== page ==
Knowledge Used for Information Search: A Computer Simulation Study

  • Miki MatsumuroEmail author
  • Kazuhisa Miwa
Conference paper
Part of the Lecture Notes in Computer Science book series (LNCS, volume 9734)


In this study, we investigated the types of knowledge utilized by users to search for information. Previous studies have emphasized the importance of acquiring the understanding of a hierarchical information structure. We defined the knowledge about such an information structure as “structural knowledge.” Recently, user interfaces (UIs) have provided information in a more graphical manner. Stimuli on the UIs’ displays have various properties (e.g., format, color, and size). We predicted that these perceptual features of the stimuli on the display, which we defined as “perceptual knowledge,” would be important for information searching. Three computer models were created for simulation: The Structural Knowledge model, which included only structural knowledge; the Perceptual Knowledge model, which included only perceptual knowledge; and the Mixed Knowledge model, which included both perceptual and partial structural knowledge. The simulation results showed that the Mixed Knowledge model could predict how human participants would search for information. We concluded that users utilize both perceptual and structural knowledge to search for information.


Information search Cognitive model Computer simulation User interface 


  1. Amant, T.E., Horton, F.E., Ritter, F.E.: Model-based evaluation of expert cell phone menu interaction. Trans. Comput.-Hum. Interact. (TOCHI) 14, 1 (2007)CrossRefGoogle Scholar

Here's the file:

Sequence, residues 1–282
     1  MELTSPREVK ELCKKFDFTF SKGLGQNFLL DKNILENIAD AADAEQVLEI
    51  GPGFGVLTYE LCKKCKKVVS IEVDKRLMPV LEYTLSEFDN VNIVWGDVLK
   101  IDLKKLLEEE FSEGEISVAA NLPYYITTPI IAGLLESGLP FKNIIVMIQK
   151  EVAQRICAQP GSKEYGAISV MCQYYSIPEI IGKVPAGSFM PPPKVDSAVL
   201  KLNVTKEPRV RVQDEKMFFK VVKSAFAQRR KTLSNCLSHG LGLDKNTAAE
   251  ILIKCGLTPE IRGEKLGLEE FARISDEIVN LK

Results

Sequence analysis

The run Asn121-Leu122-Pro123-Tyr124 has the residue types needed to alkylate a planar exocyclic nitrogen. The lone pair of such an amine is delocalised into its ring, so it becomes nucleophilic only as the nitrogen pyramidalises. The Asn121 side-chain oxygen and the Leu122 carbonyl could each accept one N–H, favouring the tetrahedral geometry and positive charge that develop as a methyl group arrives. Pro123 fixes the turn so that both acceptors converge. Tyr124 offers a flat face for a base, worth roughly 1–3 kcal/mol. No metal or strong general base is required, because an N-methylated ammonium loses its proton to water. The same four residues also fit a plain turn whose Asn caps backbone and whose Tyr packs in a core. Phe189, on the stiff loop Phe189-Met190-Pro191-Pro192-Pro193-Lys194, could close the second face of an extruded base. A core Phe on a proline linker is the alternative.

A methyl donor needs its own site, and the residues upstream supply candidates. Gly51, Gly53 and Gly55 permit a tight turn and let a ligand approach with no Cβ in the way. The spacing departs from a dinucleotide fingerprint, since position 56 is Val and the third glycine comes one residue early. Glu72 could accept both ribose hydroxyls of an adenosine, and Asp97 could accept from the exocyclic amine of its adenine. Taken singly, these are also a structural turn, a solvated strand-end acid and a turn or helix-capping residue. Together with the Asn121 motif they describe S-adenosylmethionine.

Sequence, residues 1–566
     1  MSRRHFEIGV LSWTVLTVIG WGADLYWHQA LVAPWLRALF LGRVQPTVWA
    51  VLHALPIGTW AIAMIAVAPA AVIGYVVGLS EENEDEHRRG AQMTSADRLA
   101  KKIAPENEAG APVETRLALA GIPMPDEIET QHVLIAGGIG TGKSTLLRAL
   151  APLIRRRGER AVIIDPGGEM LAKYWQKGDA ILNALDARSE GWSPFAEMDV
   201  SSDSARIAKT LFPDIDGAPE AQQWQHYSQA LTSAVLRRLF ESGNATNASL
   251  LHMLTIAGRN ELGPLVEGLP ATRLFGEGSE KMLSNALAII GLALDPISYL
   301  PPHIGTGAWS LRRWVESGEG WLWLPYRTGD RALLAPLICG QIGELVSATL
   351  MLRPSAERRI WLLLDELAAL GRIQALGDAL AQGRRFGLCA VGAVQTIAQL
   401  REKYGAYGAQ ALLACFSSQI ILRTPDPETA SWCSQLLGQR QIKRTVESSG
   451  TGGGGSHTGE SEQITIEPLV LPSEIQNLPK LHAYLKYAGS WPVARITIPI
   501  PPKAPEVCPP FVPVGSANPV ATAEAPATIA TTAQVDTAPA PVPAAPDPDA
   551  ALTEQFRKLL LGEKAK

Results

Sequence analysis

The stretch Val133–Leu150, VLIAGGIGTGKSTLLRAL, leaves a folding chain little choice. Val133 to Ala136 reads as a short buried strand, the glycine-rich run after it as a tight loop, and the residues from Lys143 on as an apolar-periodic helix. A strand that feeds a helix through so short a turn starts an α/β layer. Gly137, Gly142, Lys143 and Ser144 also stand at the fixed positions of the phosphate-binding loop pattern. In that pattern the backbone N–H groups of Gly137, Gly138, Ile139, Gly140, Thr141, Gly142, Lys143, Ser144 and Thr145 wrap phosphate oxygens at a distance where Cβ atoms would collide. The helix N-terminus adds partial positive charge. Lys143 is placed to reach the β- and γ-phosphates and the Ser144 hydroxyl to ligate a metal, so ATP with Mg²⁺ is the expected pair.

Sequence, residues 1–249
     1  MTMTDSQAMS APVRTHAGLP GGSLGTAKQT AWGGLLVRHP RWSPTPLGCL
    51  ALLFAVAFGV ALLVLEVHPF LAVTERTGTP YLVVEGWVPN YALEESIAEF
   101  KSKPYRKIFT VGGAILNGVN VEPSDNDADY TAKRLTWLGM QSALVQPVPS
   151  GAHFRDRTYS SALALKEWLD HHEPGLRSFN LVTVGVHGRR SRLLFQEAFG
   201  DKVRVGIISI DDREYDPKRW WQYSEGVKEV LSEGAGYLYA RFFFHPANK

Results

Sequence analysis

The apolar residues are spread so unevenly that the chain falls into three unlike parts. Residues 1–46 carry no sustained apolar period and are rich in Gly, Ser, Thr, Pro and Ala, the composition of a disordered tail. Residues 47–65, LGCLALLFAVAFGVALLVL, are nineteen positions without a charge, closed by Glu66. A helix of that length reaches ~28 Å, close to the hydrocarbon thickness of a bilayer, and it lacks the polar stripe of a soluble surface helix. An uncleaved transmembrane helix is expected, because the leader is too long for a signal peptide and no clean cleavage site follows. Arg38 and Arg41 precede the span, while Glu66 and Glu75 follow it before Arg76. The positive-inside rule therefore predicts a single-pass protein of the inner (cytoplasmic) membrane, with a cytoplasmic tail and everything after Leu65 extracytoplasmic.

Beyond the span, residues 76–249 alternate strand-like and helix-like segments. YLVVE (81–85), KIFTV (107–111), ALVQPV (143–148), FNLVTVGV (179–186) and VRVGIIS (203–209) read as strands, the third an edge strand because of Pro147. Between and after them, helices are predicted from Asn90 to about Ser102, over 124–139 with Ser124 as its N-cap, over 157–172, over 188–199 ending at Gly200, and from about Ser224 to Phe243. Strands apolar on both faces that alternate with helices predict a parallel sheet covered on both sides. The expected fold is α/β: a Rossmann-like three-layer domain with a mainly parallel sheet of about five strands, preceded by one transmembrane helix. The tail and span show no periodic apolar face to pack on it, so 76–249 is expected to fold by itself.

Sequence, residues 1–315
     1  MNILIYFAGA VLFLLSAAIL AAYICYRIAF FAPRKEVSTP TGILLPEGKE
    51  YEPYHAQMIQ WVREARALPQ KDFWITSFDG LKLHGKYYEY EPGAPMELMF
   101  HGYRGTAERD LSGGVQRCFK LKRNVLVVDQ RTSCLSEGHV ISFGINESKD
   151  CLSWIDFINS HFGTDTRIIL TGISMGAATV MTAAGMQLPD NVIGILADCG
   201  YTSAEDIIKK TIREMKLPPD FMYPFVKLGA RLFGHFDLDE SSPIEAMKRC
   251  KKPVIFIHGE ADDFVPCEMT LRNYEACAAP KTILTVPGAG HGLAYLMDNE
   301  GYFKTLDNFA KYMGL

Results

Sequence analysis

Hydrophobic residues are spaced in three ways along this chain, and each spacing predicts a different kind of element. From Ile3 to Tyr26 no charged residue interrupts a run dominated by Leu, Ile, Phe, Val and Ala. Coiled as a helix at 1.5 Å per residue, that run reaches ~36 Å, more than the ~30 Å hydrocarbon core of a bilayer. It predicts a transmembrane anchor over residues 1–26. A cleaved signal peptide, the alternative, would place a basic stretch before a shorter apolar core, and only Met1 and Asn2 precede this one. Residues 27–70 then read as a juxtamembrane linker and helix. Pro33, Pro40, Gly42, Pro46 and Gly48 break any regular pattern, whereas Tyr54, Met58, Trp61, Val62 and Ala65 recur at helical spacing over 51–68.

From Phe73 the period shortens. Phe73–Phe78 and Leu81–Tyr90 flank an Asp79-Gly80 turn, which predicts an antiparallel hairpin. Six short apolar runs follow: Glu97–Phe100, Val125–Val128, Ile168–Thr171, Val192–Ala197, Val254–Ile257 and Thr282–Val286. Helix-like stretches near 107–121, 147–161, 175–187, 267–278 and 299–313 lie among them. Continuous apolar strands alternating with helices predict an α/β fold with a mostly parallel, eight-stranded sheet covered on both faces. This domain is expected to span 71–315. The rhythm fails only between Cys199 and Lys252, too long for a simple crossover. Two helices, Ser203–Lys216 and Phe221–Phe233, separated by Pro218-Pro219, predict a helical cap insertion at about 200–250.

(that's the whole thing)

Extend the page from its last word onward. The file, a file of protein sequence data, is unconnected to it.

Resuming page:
2. Anderson, J.R., Matessa, M., Lebiere, C.: ACT-R: a theory of higher level cognition and its relation to visual attention. Hum.-Comput. Interact. 12, 439–462 (1997)CrossRefGoogle Scholar
  3. Anderson, J.R.: How Can the Human Mind Occur in the Physical Universe?. Oxford University Press, New York (2007)CrossRefGoogle Scholar
  4. Benbasat, I., Todd, P.: An experimental investigation of interface design alternatives: icon vs. text and direct manipulation vs. menus. Int. J. Man Mach. Stud. 38, 369–402 (1993)CrossRefGoogle Scholar
  5. Gittins, D.: Icon-based human-computer interaction. Int. J. Man Mach. Stud. 24, 519–543 (1986)CrossRefGoogle Scholar
  6. Jacko, J.A., Salvendy, G.: Hierarchical menu design: breadth, depth, and task complexity. Percept. Mot. Skills 82, 1187–1201 (1996)CrossRefGoogle Scholar
  7. Jiang, Y., Olson, I.R., Chun, M.M.: Organization of visual short-term memory. J. Exp. Psychol.: Learn. Mem. Cogn. 26, 683–702 (2000)Google Scholar
  8. Kirsh, D., Maglio, P.: On distinguishing epistemic from pragmatic action. Cogn. Sci. 18, 513–549 (1994)CrossRefGoogle Scholar
  9. Parush, A., Shwarts, Y., Shtub, A., Chandra, M.J.: The impact of visual layout factors on performance in web pages: a cross-language study. Hum. Factors: J. Hum. Factors Ergon. Soc. 47, 141–157 (2005)CrossRefGoogle Scholar
  10. Simon, H.A.: The functional equivalence of problem solving skills. Cogn. Psychol. 7, 268–288 (1975)CrossRefGoogle Scholar
  11. Sweller, J.: Cognitive load during problem solving: effects on learning. Cogn. Sci. 12, 257–285 (1988)CrossRefGoogle Scholar
  12. Ziefle, M., Bay, S.: Mental models of a cellular phone menu. Comparing older and younger novice users. In: Brewster, S., Dunlop, M.D. (eds.) Mobile HCI 2004. LNCS, vol. 3160, pp. 25–37. Springer, Heidelberg (2004)CrossRefGoogle Scholar
  13. Ziefle, M., Bay, S.: How to overcome disorientation in mobile phone menus: a comparison of two different types of navigation aids. Hum.-Comput. Interact. 21, 393–433 (2006)CrossRefGoogle Scholar

Copyright information

© Springer International Publishing Switzerland 2016

Authors and Affiliations

  1. 1.Graduate School of Information ScienceNagoya UniversityNagoyaJapan

Personalised recommendations